from “Poems for Moscow”

By Marina Tsvetaeva 1892–1941 Marina Tsvetaeva

New versions from the Russian by Ilya Kaminsky and Jean Valentine Read the translator's notes

From my hands—take this city not made by hands,
my strange, my beautiful brother.

Take it, church by church—all forty times forty churches,
and flying up the roofs, the small pigeons;

And Spassky Gates—and gates, and gates—
where the Orthodox take off their hats;

And the Chapel of Stars—refuge chapel—
where the floor is—polished by tears;

Take the circle of the five cathedrals,
my coal, my soul; the domes wash us in their darkgold,

And on your shoulders, from the red clouds,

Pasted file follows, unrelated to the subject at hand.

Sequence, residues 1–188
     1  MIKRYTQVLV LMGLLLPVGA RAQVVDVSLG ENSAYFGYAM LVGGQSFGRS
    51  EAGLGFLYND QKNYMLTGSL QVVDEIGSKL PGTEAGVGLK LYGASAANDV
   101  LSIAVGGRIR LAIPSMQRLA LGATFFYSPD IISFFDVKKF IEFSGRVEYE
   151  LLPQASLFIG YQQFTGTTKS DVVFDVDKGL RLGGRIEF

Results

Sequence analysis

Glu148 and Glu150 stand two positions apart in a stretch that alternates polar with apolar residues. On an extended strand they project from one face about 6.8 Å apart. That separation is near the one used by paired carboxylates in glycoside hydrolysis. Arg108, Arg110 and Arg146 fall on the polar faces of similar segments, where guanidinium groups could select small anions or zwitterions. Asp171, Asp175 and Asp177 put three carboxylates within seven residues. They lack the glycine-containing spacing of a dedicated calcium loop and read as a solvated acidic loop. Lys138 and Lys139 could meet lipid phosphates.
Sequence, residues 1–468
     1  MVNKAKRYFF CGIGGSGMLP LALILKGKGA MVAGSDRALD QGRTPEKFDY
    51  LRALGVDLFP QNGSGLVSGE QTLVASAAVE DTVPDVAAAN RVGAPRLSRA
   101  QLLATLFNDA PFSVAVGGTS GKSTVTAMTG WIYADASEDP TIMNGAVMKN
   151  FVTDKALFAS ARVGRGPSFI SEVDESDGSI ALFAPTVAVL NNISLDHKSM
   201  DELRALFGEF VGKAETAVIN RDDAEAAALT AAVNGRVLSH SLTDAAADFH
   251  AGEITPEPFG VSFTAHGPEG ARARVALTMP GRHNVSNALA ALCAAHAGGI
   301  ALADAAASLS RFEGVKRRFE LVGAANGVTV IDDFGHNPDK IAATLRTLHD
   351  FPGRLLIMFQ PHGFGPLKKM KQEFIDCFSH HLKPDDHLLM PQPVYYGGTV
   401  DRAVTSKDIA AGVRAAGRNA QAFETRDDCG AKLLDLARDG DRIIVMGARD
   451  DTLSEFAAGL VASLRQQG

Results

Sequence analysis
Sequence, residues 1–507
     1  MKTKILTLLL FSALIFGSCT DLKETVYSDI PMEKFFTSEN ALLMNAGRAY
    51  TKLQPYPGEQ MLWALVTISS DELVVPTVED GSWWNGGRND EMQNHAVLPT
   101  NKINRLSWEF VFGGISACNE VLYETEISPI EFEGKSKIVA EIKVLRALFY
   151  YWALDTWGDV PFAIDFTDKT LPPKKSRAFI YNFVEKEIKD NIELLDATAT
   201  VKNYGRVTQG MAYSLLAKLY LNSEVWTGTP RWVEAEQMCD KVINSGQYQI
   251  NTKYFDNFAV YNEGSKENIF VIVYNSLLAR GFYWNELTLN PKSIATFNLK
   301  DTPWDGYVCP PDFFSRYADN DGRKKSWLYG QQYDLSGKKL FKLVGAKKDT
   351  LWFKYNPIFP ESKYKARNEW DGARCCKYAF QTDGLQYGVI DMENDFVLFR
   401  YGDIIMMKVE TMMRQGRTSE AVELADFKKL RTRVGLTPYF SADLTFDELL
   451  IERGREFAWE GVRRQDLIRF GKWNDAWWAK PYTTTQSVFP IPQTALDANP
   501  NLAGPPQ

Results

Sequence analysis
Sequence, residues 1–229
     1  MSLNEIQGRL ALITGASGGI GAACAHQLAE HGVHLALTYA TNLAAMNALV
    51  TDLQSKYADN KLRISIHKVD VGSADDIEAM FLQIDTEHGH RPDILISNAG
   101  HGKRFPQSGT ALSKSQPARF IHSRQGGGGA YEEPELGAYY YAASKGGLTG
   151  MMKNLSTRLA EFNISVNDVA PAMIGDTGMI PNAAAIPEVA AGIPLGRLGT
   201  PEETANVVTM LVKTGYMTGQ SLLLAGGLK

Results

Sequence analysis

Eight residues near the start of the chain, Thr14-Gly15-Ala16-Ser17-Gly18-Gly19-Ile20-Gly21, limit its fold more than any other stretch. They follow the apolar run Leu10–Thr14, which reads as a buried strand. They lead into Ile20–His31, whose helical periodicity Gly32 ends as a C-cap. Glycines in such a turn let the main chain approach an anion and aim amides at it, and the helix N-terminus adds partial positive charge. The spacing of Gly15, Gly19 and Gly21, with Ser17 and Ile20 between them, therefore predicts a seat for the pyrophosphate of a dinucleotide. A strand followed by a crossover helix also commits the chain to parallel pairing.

the Mother of God will drop her own thin coat,

And you will rise, happened of wonderpowers
—never ashamed you loved me.

March 31, 1916

Source: Poetry (March 2012).


This poem originally appeared in the March 2012 issue of Poetry magazine

March 2012
 Marina  Tsvetaeva


Russian poet Marina Tsvetaeva (also Marina Cvetaeva and Marina Tsvetayeva) was born in Moscow. Her father was a professor and founder of the Museum of Fine Arts, and her mother, who died of tuberculosis when Marina was 14, was a concert pianist. At the age of 18 Tsvetaeva published her first collection of poems, Evening Album. During her lifetime she wrote poems, verse plays, and prose pieces; she is considered one of the most . . .

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SUBJECT Religion, The Spiritual


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